Church construction financing trends

A lending veteran’s perspective

WatersEdge began lending to churches in 1953 and has since partnered with more than 1,600 congregations looking to grow or refinance. During that nearly 70-year span, we’ve seen it all: boom years, recessions, and everything in between. 

So, as churches ride the waves of yet another tumultuous period in our nation’s economy, let me offer you some encouragement: God’s Kingdom isn’t dependent on the market. Our Savior hasn’t stopped moving!  

Churches’ need to expand hasn’t stopped, either.

Jerry Vaughan
Chief Lending Officer

Thankfully, congregations of all sizes have a myriad of options when considering how to accommodate growth. Here are some of the trends I’m seeing in today’s church construction environment, plus some tips to help you and your team secure financing and plan effectively for your next project.  

There’s value in variety

From my perspective at WatersEdge, it’s difficult to nail down any concrete church construction trends, but there are plenty of commonalities to explore. It’s likely no surprise that we continue to see many traditional projects — new sanctuaries and other church buildings needed to accommodate growth. But we also see proposals outside the norm, like adaptive reuse projects or other creative renovations. While I don’t think there’s any specific type of building being built, what’s most important is ensuring that your church’s plan lines up with your ministry goals and is financially realistic. 

Location, location, location 

According to recent research, more congregations are moving out of the suburbs and into the cities to reach denser population centers. In my experience, that can sometimes be true, especially for younger churches or pastors who feel a burden for the inner city.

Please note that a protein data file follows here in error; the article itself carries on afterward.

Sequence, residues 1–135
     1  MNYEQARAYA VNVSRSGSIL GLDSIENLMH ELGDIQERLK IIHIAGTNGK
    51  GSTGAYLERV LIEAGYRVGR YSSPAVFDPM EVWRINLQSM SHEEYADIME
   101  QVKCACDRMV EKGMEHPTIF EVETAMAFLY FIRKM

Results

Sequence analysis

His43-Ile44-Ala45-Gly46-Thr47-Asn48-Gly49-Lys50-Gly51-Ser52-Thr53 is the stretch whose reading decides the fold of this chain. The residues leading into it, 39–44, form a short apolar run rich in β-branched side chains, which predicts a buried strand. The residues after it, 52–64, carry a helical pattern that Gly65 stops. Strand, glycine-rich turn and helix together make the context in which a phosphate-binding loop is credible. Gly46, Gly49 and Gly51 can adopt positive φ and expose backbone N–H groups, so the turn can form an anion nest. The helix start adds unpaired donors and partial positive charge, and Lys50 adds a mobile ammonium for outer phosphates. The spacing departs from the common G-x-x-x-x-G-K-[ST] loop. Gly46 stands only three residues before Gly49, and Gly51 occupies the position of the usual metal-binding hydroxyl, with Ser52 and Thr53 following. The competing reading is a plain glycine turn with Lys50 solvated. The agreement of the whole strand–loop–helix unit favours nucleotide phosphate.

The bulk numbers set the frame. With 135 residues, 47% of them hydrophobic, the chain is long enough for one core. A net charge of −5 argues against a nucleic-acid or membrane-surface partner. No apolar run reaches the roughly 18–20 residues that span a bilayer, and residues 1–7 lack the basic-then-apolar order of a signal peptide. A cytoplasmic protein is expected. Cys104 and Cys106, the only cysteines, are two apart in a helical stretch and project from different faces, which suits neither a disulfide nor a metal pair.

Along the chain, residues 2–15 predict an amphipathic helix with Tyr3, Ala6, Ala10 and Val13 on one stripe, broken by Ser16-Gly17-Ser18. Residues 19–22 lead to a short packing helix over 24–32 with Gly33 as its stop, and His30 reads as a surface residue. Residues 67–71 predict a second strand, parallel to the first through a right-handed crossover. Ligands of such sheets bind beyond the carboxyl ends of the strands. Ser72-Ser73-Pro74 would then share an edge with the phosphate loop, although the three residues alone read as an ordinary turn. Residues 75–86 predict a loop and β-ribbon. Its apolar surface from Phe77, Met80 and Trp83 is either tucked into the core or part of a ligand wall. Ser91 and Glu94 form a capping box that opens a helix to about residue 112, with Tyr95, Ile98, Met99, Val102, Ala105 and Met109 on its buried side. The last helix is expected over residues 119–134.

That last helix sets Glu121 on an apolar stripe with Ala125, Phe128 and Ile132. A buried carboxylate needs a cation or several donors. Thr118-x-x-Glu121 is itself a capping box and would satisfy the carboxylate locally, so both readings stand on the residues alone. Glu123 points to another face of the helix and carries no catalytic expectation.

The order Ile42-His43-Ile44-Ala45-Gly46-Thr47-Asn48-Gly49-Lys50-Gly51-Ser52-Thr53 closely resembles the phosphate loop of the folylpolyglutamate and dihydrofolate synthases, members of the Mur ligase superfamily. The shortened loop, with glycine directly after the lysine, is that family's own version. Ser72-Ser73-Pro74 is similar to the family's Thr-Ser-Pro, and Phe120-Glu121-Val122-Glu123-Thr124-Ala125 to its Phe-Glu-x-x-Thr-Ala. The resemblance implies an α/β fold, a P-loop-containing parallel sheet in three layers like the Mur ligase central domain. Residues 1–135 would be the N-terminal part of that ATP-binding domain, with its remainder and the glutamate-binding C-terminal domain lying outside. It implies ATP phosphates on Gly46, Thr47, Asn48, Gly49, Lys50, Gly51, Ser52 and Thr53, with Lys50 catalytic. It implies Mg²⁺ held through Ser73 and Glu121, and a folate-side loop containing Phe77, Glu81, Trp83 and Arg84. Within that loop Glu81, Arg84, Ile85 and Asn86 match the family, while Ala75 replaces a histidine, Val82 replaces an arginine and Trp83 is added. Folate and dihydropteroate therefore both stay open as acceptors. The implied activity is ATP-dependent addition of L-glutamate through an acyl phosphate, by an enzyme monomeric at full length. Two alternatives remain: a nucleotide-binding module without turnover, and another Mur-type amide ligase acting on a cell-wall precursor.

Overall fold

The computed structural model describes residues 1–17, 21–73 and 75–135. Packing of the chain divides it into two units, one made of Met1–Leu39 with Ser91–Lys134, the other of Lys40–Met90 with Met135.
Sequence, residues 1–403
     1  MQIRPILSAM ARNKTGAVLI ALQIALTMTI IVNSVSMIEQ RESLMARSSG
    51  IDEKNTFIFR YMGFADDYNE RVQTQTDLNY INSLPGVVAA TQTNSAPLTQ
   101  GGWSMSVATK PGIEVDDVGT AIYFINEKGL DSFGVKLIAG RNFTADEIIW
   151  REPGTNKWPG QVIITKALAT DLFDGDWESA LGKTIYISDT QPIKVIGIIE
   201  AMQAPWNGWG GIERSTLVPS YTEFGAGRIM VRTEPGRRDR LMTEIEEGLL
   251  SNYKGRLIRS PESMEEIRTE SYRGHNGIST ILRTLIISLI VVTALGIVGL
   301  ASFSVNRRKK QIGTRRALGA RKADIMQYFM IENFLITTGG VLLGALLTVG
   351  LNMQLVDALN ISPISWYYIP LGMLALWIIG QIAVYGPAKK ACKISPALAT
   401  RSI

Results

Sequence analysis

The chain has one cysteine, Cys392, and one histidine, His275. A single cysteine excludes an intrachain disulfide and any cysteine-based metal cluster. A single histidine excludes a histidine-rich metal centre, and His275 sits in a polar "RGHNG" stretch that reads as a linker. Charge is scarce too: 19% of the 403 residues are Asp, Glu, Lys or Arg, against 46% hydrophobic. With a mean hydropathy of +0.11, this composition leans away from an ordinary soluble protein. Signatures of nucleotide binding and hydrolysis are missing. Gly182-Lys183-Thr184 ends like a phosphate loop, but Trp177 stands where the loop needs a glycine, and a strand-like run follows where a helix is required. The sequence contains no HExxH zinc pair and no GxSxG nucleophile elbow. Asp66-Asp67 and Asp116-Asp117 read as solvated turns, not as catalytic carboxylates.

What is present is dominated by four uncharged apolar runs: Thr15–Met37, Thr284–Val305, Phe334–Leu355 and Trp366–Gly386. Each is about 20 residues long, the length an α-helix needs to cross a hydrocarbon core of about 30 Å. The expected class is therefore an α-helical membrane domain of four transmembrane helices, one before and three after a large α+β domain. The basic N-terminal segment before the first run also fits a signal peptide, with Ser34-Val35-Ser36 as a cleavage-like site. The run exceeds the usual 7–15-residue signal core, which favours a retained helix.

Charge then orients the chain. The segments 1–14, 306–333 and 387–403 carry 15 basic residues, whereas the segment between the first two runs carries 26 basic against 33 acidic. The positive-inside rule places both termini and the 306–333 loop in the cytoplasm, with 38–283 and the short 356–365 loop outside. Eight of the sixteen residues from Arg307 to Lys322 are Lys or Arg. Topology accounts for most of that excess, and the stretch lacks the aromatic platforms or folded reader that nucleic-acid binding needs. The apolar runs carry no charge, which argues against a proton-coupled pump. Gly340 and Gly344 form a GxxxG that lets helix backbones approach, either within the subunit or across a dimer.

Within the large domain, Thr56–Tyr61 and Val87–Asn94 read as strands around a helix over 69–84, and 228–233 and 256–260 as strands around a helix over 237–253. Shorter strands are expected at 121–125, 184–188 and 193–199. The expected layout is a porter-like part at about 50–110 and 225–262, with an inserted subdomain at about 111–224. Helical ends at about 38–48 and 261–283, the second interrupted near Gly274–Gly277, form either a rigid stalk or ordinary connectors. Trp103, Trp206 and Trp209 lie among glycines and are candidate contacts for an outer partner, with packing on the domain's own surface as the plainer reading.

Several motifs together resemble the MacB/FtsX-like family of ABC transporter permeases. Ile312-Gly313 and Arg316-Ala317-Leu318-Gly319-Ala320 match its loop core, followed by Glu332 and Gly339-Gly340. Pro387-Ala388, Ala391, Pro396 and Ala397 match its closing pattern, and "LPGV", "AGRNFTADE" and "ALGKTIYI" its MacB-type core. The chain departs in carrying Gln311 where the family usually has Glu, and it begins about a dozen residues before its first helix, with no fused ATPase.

But it’s not always the case. 

I still see plenty of congregations that opt for larger campuses in more open, suburban or even rural areas. So, if that’s where God is leading you and your church, financing shouldn’t be an obstacle.   

The trends of the past are staying put 

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Remember the building bonanza of family life centers, athletic complexes, and education spaces? These were trendy projects in the 1990s and early 2000s, but I’m not seeing nearly as many today, if any. Instead, most congregations are prioritizing worship space over any other area, with an emphasis on using that worship space to host events throughout the week to maximize usefulness.

It’s not always about growth 

I recently worked with a large church in Georgia that’s in the process of downsizing. The congregation realized that they could accomplish the same thing in a 100,000-square-foot building that they’re currently doing in their existing 160,000-square-foot facility. So, the church got a loan from WatersEdge to buy land to construct a smaller, custom space. 

Another church, in Kansas, is downsizing even more aggressively, from 90,000 square feet to 16,000 square feet. I’m also working with another congregation that is re-envisioning its sanctuary construction project as a multipurpose space, better suited for the broad spectrum of the church’s needs. It can seem counterintuitive to think smaller, but sometimes downsizing is the right choice — especially in a high-building cost, high-interest rate environment. 

Think beyond new construction

Brand-new buildings aren’t the only game in town. I’ve seen many churches get creative in their expansion plans, including one that renovated a neighborhood grocery store into its primary facility. 

While this kind of project might seem quirky, it can make a lot of sense for churches looking to save money and create a unique and exciting experience. Securing a loan for one of these adaptive reuse projects is essentially the same as securing one for new construction. Just be open with your lender to ensure that financing lines up with your new plan — and make sure that all of the property you purchase is zoned for church use.

One last tip… 

This might seem obvious, but it’s not something that everyone considers: whether using a ministry-based lender or a traditional lender — like a bank or credit union — it’s important for your building committee to consult the team handling your loan early in the process. I’ve seen church leaders go through the entire planning stage only to discover that they didn’t qualify for a big enough loan for the building they had in mind and were forced to go back to the drawing board. Your lender can tell you whether your church’s proposal is feasible for the projected price tag. By coming together early, you’ll save time.

Jerry Vaughan brings more than 40 years of lending experience in both the commercial and non-profit sectors to WatersEdge. Since joining WatersEdge in 2000, he has assisted hundreds of churches with more than $460 million in loans.


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